This week, several Juntoists have offered useful guides for archival work in Spain, France, and England. Today, we are offering something slightly different—a guide to researching in North America! After all, not all early Americanists are American, and planning transatlantic trips can be daunting. Continue reading
Casey Schmitt kicked off the week with a discussion of doing research in Seville, Spain. Hannah Bailey continued our forum yesterday, with a discussion of research in France. I’m going to continue the conversation with reflections on doing research in London. (For those interested in research gear, see my post from last summer.) Since there are quite a few archives libraries and archives that are potentially of interest to Early Americanists, I will primarily focus on the logistics, such as navigating London and finding accommodations. I’ve provided basic information on a few major archives near the end.
Yesterday, Casey Schmitt began our “Archives around the Atlantic” roundtable with an extremely helpful guide to the Archivo General de Indias in Sevilla. If you have not yet read her piece, you will want to do so here. My hope is that my post can be useful to two (potentially overlapping) audiences: one that is interested in general tips for doing research in French archives online, and one that will be lucky enough to be physically present in French archives in the near future.
Here are a few tips for delving into the French Atlantic from the comfort of your own internet: Continue reading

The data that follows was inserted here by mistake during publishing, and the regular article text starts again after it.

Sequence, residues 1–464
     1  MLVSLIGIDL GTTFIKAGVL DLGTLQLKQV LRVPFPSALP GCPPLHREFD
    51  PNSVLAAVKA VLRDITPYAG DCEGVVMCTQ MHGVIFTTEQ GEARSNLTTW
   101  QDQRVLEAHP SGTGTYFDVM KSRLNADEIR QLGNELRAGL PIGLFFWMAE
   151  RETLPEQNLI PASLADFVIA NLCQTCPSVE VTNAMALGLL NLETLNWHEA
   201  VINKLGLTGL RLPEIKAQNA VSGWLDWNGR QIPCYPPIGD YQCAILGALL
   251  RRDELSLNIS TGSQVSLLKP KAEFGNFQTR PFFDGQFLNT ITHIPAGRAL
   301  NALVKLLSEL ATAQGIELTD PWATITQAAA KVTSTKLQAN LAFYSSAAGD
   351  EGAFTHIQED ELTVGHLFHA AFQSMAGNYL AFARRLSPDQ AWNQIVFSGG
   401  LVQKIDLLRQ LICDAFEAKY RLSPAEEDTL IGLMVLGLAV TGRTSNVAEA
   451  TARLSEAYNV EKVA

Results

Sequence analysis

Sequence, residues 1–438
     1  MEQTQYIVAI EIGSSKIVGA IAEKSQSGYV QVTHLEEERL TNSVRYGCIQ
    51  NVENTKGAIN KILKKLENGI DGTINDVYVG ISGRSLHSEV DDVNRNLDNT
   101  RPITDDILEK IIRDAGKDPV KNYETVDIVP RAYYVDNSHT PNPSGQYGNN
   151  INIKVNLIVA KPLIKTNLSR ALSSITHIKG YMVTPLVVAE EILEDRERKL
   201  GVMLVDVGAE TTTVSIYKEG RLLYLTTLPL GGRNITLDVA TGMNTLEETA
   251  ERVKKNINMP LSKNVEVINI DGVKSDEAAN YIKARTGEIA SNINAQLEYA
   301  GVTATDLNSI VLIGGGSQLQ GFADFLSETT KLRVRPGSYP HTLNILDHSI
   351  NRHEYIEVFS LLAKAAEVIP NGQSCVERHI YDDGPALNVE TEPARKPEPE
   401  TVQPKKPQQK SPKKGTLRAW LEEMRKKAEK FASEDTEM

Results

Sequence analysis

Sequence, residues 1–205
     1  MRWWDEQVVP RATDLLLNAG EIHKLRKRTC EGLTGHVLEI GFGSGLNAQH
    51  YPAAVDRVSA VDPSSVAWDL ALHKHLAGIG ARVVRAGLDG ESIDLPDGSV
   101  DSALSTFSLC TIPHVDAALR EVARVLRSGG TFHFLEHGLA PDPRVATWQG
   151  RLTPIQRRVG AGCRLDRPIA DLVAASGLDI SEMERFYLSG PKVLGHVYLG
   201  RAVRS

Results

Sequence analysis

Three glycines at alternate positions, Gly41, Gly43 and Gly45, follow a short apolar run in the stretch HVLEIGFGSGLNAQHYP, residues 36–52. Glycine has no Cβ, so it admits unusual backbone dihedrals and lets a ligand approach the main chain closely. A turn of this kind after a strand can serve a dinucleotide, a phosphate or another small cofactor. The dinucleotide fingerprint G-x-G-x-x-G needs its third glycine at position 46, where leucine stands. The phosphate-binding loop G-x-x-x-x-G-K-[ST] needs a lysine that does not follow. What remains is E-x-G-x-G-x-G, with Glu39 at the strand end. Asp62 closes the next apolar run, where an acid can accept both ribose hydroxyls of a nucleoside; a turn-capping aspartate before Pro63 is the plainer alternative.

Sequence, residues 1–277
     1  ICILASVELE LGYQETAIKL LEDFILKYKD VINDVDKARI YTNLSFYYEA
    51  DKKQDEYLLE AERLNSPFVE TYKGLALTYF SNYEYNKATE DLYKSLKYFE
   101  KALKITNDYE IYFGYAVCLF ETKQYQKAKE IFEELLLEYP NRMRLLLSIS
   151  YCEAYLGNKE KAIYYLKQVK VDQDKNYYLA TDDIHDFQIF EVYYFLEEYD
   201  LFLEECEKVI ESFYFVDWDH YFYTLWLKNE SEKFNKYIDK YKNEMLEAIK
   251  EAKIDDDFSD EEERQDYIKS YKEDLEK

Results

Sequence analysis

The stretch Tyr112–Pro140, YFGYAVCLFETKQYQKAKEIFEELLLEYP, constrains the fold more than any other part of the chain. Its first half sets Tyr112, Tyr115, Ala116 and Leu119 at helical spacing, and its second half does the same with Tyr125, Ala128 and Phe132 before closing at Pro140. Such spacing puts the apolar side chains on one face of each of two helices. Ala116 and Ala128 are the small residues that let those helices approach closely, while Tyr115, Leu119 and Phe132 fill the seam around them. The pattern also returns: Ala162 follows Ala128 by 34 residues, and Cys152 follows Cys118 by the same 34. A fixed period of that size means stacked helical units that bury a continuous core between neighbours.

This week, The Junto will explore, “Archives around the Atlantic.” As research projects frequently plunge early Americanists into far-flung archival settings, over the course of the next five days we will draw from the wide experience of our contributing editors to offer advice for approaching research abroad. It is our hope that this forum and the comments sections below might also tap into the collective expertise of The Junto readership with the common goal of making foreign archives accessible and productive.
While the Archivo General de Indias in Sevilla remains the primary destination for scholars working on projects relating the Spain’s colonial empire, the collections infrequently receive the attention they deserve from historians north of the Río Grande. This, despite Kristen Block and Jenny Shaw’s proclamation that, “colonial records in the Spanish archives reveal a wealth of reportage” about moments in early American history for which few extant documents remain elsewhere. In fact, Block and Shaw’s 2011 article, “Subjects without an Empire: The Irish in the Early Modern Caribbean,” forces a reconsideration of the contours of Anglo-Irish relations in the early Caribbean by reading Spanish and English language documents side-by-side. Uncovering the lived experience of Don Juan Morfa—an Irish translator for the governor of Santo Domingo and linchpin in the defense of the island against Cromwell’s Western Design—depended on reading documents housed in the AGI. Continue reading